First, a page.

Forces of the Federal Government of Somalia and the central state of Galmudug have announced the recovery of control of the city of Guri El, which had been in the hands of the Sufi militias of Ahlu Sunna Wal Jama’a (ASWJ) since the beginning of the month, in the revival of a conflict that has gone virtually unnoticed in recent months due to the political crisis in the African country, and has already left more than 100,000 displaced people in the area.
According to multiple sources confirmed to the news portal Goobjoog, joint federal and state forces entered the city on Friday night. Fighting has been raging in the center and north of the town, located about 65 kilometers southwest of the state capital, Dhusamareb.
This afternoon, Somalia’s state-run SNTV announced on its Twitter account that the National Army and regional forces in Galmudug have concluded law enforcement operations in the town of Guri El.”
“The local administration and the police have fully assumed security responsibilities in the city,” added the information, which did not specify casualties.
For several years the state of Galmudug has been the stronghold of these militias, considered rivals of the terrorist organization Al Shabaab. Although the Somali government appeared to regain full control of the state from the ASWJ early last year, the group retaliated with the conquest of Guri El where it seized several institutional buildings and clashes that left a dozen dead in the town of Bohol.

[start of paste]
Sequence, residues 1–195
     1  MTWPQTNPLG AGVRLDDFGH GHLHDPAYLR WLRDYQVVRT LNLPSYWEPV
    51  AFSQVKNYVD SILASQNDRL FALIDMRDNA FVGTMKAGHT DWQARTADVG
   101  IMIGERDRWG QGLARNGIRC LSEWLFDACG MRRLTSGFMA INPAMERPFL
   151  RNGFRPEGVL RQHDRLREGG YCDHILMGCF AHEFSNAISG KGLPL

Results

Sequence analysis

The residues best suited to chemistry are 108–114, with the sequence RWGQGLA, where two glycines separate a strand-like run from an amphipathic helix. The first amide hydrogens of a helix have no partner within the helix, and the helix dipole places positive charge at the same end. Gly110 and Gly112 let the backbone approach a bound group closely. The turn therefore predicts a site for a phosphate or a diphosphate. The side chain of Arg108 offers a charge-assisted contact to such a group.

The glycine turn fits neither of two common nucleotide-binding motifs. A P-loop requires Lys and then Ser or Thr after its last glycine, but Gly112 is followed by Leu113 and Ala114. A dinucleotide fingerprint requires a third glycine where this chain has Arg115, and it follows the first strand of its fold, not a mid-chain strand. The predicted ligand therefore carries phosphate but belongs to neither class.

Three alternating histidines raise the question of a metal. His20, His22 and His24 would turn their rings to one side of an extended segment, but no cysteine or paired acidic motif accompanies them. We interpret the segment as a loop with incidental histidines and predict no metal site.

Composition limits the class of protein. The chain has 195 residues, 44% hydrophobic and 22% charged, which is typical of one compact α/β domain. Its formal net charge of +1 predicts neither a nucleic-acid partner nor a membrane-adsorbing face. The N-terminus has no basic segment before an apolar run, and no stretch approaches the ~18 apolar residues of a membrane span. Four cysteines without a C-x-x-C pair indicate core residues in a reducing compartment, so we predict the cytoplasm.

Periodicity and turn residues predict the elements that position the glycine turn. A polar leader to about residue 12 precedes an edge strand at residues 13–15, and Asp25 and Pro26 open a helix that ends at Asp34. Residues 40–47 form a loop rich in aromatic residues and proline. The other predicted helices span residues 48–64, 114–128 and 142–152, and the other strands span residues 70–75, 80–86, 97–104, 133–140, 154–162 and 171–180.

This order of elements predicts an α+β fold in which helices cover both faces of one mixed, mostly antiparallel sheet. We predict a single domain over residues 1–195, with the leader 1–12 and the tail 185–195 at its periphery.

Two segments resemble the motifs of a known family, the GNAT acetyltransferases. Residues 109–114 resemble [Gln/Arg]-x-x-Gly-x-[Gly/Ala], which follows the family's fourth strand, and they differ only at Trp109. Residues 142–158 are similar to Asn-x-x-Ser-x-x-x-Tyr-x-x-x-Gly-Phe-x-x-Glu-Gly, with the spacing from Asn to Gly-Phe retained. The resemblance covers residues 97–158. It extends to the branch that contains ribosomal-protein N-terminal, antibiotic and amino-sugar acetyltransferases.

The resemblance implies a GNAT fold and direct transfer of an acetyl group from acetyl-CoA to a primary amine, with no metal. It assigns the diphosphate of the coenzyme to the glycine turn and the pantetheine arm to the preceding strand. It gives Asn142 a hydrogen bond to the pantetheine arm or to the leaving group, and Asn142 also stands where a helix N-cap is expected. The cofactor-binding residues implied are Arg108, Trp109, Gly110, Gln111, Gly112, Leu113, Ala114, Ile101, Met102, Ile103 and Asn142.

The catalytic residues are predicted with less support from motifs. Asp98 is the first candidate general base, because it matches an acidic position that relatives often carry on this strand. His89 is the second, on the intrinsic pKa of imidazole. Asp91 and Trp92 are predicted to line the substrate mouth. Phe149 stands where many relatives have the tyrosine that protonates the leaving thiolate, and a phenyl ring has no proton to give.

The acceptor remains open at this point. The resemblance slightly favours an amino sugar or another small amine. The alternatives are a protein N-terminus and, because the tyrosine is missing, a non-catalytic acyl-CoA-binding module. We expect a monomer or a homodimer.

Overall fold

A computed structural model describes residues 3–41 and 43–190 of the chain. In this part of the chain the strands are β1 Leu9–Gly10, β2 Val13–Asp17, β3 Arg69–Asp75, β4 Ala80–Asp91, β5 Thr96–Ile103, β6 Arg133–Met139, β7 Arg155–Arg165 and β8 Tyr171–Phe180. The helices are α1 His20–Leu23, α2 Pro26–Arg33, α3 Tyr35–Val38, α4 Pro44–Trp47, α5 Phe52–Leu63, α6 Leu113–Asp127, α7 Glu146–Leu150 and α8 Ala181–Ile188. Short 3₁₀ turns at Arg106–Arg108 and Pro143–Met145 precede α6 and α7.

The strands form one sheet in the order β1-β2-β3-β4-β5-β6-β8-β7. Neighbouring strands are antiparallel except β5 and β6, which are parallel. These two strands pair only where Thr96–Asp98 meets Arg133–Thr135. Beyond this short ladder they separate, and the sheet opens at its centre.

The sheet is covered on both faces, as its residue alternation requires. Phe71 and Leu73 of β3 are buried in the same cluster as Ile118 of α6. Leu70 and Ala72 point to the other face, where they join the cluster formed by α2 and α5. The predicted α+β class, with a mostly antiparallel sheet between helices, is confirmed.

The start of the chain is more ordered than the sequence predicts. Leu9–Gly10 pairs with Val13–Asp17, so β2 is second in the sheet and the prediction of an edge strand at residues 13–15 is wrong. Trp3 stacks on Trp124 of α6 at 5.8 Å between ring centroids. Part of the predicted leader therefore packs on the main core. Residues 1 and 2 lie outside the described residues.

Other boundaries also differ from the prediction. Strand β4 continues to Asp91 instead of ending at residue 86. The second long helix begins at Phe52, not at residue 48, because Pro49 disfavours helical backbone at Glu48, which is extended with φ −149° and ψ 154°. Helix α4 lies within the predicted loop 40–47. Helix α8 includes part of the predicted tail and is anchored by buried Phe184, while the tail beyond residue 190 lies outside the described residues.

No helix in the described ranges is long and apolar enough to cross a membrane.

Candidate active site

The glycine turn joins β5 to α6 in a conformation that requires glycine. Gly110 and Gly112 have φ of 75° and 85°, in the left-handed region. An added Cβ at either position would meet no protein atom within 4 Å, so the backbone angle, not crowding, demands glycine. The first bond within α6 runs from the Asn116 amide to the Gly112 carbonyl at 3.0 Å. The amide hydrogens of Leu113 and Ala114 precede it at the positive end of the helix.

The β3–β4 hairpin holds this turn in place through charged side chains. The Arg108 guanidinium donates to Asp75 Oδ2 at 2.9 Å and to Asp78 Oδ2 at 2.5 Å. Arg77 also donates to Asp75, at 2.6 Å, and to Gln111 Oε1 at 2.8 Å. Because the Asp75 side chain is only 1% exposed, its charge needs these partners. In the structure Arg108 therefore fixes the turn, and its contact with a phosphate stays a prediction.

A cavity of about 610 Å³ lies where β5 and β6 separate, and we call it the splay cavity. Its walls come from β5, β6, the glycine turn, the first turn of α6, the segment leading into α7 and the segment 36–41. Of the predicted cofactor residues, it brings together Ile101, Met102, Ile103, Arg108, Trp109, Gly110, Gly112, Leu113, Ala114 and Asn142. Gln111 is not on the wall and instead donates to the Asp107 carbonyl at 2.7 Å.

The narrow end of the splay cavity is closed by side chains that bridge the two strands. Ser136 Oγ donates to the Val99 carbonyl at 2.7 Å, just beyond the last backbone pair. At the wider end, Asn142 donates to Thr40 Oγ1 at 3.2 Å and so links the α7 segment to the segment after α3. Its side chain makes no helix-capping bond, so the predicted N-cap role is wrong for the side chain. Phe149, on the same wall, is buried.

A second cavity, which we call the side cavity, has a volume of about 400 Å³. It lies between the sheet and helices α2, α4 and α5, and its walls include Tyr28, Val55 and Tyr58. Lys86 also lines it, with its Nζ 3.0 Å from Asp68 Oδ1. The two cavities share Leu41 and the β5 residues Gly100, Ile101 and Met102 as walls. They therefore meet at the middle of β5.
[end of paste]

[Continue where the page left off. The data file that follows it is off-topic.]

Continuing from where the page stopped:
The militias claim a certain political legitimacy. The organization’s leader, Mohamed Shakir, served as Galmudug’s prime minister following an agreement brokered by the Intergovernmental Authority on Development for East Africa (IGAD) in 2018, but his group had not engaged in combat for years. In fact, they agreed to cease their activity in Dhusamareb, which they abandoned in 2015, within the framework of talks to stabilize the state.
The United Nations Agency for the Coordination of Humanitarian Affairs (OCHA), warned on Thursday that 100,440 people had been displaced since Somali forces’ encirclement of the clan and were in need of humanitarian assistance. The situation has been exacerbated by the impending drought and water shortages facing the region.
Although the central government considers that this offensive was inevitable after the failure of talks with ASWJ, the former state security minister Ahmed Fiqi has strongly criticized the state president, Ahmed Qurqur, whom he accuses of forcing the situation for the benefit of the government, in order to destabilize the state and consolidate the permanence in the power of the country’s president, Mohamed Abdullahi alias ‘Farmajo’, who has been involved in territorial disputes for months.